Newspaper article The Christian Science Monitor

Why Is This Rare Giraffe Almost Extinct?

Newspaper article The Christian Science Monitor

Why Is This Rare Giraffe Almost Extinct?

Article excerpt

Only 38 Kordofan giraffes remain alive today.

Originally ranging through Cameroon, the Central African Republic, and Sudan, the remaining Kordofans are now sequestered in the Democratic Republic of Congo's Garamba National Park. Approximately 350 Kordofans roamed the DRC only 20 years ago, but the numbers plunged to 86 by 2003 and then decreased to only 38 in 2016.

Local poachers are said to be responsible for depleting the once prolific populations.

A single giraffe can produce up to 660 pounds of meat, and priced at 30 pounds per pound, one giraffe can produce quite a paycheck. Especially in a country where the gross domestic product per capita measured $231.51 in 2012 - the worst in the world. And the skin of the Kordofan giraffe has distinctive spots, typically fetching a higher price tag on the luxury goods market.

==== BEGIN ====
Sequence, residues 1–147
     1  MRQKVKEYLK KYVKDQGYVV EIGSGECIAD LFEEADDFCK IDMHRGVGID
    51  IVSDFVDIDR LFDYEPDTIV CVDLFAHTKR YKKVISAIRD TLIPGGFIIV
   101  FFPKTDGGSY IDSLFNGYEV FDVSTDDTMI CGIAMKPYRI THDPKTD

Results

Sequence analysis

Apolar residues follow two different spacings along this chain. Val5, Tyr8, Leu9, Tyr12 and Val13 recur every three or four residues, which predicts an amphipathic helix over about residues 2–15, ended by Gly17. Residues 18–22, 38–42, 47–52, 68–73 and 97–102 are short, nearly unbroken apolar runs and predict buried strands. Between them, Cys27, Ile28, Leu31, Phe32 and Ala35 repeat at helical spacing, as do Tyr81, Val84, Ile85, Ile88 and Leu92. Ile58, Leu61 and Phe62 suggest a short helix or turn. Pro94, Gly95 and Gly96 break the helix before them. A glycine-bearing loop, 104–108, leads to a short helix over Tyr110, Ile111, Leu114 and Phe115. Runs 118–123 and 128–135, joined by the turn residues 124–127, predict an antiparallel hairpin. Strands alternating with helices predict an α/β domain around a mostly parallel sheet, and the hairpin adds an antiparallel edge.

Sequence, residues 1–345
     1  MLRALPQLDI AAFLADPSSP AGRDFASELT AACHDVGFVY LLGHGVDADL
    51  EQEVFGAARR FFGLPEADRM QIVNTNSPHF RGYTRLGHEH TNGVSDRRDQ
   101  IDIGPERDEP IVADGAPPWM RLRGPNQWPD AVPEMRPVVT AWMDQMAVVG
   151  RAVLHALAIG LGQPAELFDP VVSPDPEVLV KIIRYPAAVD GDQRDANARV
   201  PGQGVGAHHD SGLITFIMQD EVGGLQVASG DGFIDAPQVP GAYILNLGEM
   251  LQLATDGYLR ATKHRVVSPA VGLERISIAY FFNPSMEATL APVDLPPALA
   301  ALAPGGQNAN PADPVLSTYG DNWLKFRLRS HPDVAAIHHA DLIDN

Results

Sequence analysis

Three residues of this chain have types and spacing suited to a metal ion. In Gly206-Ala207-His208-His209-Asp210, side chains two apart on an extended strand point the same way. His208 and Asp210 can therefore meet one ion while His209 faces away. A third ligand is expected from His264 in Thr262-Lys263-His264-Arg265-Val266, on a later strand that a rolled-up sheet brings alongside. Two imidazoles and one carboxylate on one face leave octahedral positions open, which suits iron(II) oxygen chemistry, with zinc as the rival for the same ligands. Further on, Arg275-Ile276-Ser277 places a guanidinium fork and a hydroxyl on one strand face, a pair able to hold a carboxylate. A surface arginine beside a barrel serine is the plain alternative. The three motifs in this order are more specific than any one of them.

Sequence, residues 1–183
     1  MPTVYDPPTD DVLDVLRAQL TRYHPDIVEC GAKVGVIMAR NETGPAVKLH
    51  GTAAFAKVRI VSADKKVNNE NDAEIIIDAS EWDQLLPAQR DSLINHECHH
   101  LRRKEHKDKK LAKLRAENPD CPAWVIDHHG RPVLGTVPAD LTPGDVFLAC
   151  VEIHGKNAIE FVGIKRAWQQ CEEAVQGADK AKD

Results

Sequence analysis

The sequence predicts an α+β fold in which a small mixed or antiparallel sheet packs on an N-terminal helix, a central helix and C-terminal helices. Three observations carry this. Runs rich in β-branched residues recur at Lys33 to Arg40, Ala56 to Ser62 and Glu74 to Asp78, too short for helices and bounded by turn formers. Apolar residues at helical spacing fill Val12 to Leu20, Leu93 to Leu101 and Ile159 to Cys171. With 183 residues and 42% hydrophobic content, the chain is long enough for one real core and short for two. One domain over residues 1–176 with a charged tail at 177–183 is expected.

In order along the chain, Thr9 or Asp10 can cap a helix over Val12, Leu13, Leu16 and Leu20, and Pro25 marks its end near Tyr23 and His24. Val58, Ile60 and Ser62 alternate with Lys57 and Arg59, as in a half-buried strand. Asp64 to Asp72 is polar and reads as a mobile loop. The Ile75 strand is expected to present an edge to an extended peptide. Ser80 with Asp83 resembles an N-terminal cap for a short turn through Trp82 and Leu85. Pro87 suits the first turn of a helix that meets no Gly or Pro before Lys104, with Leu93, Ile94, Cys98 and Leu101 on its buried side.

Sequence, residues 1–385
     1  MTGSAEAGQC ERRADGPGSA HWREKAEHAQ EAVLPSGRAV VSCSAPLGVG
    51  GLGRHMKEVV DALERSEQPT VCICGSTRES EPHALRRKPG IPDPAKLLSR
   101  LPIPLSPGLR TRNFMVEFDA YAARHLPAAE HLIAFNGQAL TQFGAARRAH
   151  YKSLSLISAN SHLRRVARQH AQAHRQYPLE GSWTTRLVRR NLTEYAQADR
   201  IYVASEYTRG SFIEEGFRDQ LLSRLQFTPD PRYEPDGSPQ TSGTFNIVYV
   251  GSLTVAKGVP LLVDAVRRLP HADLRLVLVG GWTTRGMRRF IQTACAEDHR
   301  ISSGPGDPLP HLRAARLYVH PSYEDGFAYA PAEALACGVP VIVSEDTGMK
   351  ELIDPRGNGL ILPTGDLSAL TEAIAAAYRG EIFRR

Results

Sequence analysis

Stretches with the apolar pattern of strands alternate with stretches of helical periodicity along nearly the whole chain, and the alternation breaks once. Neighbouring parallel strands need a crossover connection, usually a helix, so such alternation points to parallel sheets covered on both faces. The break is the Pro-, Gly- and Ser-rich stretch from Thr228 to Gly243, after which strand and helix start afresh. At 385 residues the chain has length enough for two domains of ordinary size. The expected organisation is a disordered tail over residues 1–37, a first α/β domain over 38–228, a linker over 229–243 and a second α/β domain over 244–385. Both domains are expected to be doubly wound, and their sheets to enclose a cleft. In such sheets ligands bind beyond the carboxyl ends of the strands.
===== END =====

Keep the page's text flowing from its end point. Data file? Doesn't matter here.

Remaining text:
"At the moment the ratio is one male to 2.4 females, which is still sustainable," Aime Balimbaki, the head of research and monitoring at Garamba National Park, tells the Sunday Express. "But if we have bad luck or if there is a serious menace - even if we lose just five giraffes - then the population may no longer be viable."

As of Sunday, a petition to President Barack Obama titled "Save the Last 38 Giraffes in Congo" had received over 28,400 signatures.

"[The Congo's] government likely cannot take on the additional expense of saving the last of its giraffes," reads the petition. "They need other nations to step up and provide conservationists with the money for better security against poachers, tracking collars, and other equipment they might need to track these wandering animals. The United States often helps other nations in times of need."

Wildlife advocates hope the petition will raise awareness about the giraffes' shrinking population.

"It is heartbreaking that this has not gained the media attention it so deserves," says the UK-based charity Spots and Stripes. …

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